Pregnancy tests are widely available at a variety of healthcare facilities, drug stores, and some grocery stores. They may be low-cost or free at some locations, including health departments as well as anti-choice "crisis pregnancy centers" masquerading as health care facilities. When used according to the directions, pregnancy tests are 97-99% accurate starting on the first day after a woman misses her period. Always check the expiration date of a home pregnancy test before you use it - if it is past the expiration date, it may not be accurate.
There is a hormone that is present in your urine and blood only when you are pregnant. This hormone, human chorionic gonadotropin (hCG) (also called the pregnancy hormone) is what all pregnancy tests detect.
- Urine tests detect the pregnancy hormone in your urine.
- Blood tests, which can only be administered in a doctor's office or clinic, detect the pregnancy hormone in your blood.
- A urine test is the test most frequently used both as a home pregnancy test and in a health care setting.
- A qualitative hCG blood test (also known as a qualitative beta hCG test) tests whether or not you have the pregnancy hormone in your blood. It is similar to a urine test in that it tells you if you are pregnant or not.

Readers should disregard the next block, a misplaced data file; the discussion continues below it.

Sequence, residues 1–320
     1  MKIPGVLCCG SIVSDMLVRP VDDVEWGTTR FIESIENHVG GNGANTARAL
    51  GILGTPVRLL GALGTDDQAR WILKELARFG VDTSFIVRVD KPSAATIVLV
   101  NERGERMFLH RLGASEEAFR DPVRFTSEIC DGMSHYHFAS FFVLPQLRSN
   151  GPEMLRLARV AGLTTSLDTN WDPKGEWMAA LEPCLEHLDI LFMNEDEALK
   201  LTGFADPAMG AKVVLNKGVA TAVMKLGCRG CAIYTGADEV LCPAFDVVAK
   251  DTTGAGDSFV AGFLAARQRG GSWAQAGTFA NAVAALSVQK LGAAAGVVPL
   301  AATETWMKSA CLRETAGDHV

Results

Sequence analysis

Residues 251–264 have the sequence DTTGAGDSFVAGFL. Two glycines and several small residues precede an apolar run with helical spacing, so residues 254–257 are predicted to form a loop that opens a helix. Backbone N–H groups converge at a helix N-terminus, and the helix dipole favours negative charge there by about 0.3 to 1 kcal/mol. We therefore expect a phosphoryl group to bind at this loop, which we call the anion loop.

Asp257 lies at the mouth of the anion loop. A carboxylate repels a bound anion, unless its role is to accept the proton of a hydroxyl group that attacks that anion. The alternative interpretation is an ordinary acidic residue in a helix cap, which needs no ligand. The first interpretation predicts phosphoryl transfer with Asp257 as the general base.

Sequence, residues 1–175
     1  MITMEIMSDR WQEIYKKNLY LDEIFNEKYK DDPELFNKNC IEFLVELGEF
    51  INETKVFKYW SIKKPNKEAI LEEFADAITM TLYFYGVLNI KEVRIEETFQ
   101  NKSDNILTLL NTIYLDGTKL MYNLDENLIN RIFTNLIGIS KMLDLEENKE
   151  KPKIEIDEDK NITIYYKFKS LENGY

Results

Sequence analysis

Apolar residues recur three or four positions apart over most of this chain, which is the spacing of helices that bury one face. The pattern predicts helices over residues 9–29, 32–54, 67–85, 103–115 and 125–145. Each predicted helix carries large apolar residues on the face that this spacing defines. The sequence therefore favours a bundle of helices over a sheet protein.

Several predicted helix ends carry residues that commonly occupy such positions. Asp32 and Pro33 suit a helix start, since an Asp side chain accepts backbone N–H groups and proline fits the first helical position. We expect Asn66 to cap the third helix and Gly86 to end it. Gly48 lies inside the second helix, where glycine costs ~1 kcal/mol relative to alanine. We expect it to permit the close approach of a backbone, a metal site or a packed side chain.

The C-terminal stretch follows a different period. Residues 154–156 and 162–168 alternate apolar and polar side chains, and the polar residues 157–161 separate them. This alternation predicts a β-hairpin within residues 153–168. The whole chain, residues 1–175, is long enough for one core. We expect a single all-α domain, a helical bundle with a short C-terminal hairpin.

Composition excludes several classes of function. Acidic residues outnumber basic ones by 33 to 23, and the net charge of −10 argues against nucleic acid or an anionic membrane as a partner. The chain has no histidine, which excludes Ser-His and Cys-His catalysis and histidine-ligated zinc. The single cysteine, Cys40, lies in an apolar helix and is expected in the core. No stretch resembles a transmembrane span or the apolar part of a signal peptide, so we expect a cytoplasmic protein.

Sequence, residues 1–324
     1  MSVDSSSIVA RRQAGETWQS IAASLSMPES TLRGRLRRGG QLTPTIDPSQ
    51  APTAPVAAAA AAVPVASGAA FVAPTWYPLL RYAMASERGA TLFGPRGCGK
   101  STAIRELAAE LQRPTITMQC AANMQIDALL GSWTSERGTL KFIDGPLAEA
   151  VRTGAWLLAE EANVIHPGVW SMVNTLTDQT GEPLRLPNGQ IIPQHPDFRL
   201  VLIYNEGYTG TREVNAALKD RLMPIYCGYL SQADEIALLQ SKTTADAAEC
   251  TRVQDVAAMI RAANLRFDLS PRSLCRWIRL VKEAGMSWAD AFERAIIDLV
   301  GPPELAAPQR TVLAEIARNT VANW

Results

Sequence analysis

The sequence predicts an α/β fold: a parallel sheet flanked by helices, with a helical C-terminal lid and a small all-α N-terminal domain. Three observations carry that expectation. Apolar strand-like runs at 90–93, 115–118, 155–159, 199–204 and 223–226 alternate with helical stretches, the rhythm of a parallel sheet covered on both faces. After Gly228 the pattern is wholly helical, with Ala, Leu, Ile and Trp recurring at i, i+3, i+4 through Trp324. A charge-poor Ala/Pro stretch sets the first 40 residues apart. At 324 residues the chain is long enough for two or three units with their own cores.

- A quantitative blood test (also known as a quantitative beta hCG test) measures how much of the pregnancy hormone is in your blood.
- They are easy to use
- They are inexpensive
- They can be performed in the privacy of your own home
If you take a home pregnancy test very early in your pregnancy, there may not be enough of the pregnancy hormone in your urine to trigger a positive test result. If you think you are pregnant and your home pregnancy test comes back negative, try it again in a few days. If you continue to have negative tests but you think you are pregnant, or if you take a home pregnancy test and it comes back positive, you should arrange to see your health care provider.
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